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Black activists search for a constituency

Eddie Jones and Najee Ali aspire to be leaders but each lacks a power base. Some criticize them as self-promoters.

February 13, 2007|Sandy Banks and Louis Sahagun | Times Staff Writers

After making the rounds of news reporters, the garrulous black man stepped before a phalanx of television cameras lining the sidewalk outside the courthouse in Long Beach.

"Everybody ready?" he asked, hands clasped, as if in prayer. "I'm Najee Ali. N-A-J-E-E. A-L-I. Director of Project Islamic Hope."

Then he launched a blistering tirade, lambasting not only the black teenage defendants in the recently concluded Halloween hate-crime beating case but their parents and self-appointed advisor, fellow civil rights activist Eddie Jones.

Jones' "grandstanding [is] embarrassing the black community," Ali said. "He has no following in the black community." An hour later, Jones took his turn behind the bank of microphones. With a backdrop of a bright, hand-painted poster promoting "fairness, justice and equality," he called the hate-crime trial "the biggest case of the century" and assured reporters that "civil rights leaders ... are working as a unit."

What about Ali's personal barbs? "It's not about I, it's not about me, it's about we," Jones repeated as the cameras rolled.

Privately, though, Jones was fuming. Ali, he said, had tried to take over his "peace march" in the violence-plagued Harbor Gateway area the month before. Now he was horning in again.

"He never sat through one day of the trial," Jones complained, out of earshot of the microphones. Ali's appearance as the hate-crime case wound down last month was "straight insecurity and straight jealousy."

Long Beach was the latest stage for Ali and Jones, who seem to turn up whenever issues of race or violence converge with reporters and television cameras.

When racial fights rocked Los Angeles schools, when a Mexican postage stamp was deemed insulting to blacks, when a Latino gang in Harbor Gateway was blamed for a black teenager's death, Jones and Ali were there to convey their outrage with sound bites tailor-made for TV.

Their views don't always mesh, but their tactics are the same -- staging protest marches and news conferences and, if they are able, controlling media access to victims and subjects of controversy. Their climb from relative obscurity to being described as "black leaders" reflects an era of grass-roots activism that relies more on media savvy than intellect or moral stature.

"We have a colossal leadership void here in the black community," said author and commentator Earl Ofari Hutchinson, another of the new breed of black activists. "When there's a vacuum, something must fill it.... When you don't have the traditional activists -- the gatekeepers -- that opens the field up for independents of a newer type; perhaps even opportunists."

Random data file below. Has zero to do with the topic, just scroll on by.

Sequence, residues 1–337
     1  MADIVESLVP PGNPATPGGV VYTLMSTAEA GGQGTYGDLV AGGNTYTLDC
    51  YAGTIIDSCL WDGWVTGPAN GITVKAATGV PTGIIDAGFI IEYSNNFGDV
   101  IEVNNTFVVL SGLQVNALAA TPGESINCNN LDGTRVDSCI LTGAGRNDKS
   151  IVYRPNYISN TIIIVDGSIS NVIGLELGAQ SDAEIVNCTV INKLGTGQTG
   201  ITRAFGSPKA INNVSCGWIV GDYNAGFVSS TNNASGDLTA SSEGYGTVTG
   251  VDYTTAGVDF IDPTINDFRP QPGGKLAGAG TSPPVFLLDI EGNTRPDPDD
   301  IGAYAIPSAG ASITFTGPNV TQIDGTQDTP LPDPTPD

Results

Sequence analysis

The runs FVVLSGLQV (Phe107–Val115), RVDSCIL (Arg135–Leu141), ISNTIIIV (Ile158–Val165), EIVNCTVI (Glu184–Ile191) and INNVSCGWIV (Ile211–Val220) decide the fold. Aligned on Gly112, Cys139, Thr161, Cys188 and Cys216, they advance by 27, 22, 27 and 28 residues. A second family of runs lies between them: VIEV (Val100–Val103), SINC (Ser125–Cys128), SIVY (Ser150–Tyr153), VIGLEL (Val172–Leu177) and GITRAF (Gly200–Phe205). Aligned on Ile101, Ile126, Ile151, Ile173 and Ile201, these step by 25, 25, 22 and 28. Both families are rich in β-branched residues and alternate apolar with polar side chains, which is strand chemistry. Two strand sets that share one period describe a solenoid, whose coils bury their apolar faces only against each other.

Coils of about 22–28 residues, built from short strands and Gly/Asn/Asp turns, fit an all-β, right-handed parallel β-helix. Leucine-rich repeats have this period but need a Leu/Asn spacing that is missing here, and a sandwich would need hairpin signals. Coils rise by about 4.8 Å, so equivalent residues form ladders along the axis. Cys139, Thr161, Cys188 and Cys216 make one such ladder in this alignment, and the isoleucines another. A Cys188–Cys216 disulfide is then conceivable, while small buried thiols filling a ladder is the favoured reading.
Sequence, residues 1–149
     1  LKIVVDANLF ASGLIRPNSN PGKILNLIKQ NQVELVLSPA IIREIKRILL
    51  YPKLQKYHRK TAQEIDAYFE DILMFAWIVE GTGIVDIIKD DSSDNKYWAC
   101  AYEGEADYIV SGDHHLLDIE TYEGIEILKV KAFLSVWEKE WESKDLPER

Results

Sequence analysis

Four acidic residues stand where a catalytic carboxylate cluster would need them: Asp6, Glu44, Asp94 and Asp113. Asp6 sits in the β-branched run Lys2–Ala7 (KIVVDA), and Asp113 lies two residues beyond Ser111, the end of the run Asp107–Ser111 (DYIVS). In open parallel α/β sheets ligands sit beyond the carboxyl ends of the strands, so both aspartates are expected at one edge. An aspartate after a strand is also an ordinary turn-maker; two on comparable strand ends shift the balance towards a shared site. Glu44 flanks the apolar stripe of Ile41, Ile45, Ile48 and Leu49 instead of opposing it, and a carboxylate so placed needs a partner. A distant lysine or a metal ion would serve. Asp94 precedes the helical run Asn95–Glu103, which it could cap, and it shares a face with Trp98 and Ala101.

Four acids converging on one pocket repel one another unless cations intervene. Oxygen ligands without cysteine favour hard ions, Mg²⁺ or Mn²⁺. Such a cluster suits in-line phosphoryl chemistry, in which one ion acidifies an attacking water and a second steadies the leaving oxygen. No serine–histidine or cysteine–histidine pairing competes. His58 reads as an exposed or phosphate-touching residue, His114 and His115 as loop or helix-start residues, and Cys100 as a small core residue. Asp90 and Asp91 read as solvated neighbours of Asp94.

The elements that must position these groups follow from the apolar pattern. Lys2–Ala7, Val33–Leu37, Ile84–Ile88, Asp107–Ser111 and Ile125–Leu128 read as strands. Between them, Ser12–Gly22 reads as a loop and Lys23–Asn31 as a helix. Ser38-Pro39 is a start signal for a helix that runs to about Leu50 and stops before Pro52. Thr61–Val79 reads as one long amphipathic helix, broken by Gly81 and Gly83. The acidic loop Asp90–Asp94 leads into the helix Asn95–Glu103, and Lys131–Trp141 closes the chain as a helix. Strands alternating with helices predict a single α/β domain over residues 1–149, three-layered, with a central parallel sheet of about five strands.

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Ali makes no apologies for his in-your-face style. Charming and street-savvy, he's considered an ambulance chaser by some critics, a shameless self-promoter by others. Police Chief William J. Bratton once called him a "nitwit" on national television, then later apologized.

Ali has had public spats not just with Jones but also with Nation of Islam Minister Tony Muhammad and U.S. Rep. Maxine Waters. After a confrontation in a church parking lot last fall, Waters and Ali obtained -- then later dropped -- temporary restraining orders against each other.

"But the question is, 'Do I get results?' The answer is yes," Ali says.

A former gang member who spent two years in prison for armed robbery, Ali catapulted to prominence in 1998 when he helped mobilize public outrage over the case of Sherrice Iverson, a 7-year-old who was murdered at a Nevada casino. Since then, he has emerged as an activist who transcends convention, protesting pornography in a Snoop Dogg video, urging blacks to work with police and speaking out on behalf of crime victims of every race.

Ali, 44, has no other job. He splits his time between an apartment in Baldwin Hills and his home in Chicago, where he lives with his wife, the granddaughter of Nation of Islam founder Elijah Muhammad. His organization, Project Islamic Hope, is funded by private benefactors, he says. He has no car, and gets around on the bus or by hitching rides with friends.

Jones' prominence seems to rest primarily on his role as president of the 3-year-old Los Angeles Civil Rights Assn. -- a group that he admits has no membership roster, no website, no office. "This is not about my organization," he says, in his signature soft monotone. "I'm doing the work and the work gets done. The only one I need credit from is God almighty."

The son of a minister, Jones has been active in community affairs for 20 years, he said. He has coached sports teams, spearheaded fundraising drives and helped organize protests on such issues as the cutbacks at Martin Luther King Jr./Drew Medical Center.

A resident of Baldwin Hills who is studying for the ministry, Jones, 47, once owned a security firm. Now, he said, he works a flexible schedule guarding the San Pedro docks, leaving him plenty of time for activism.

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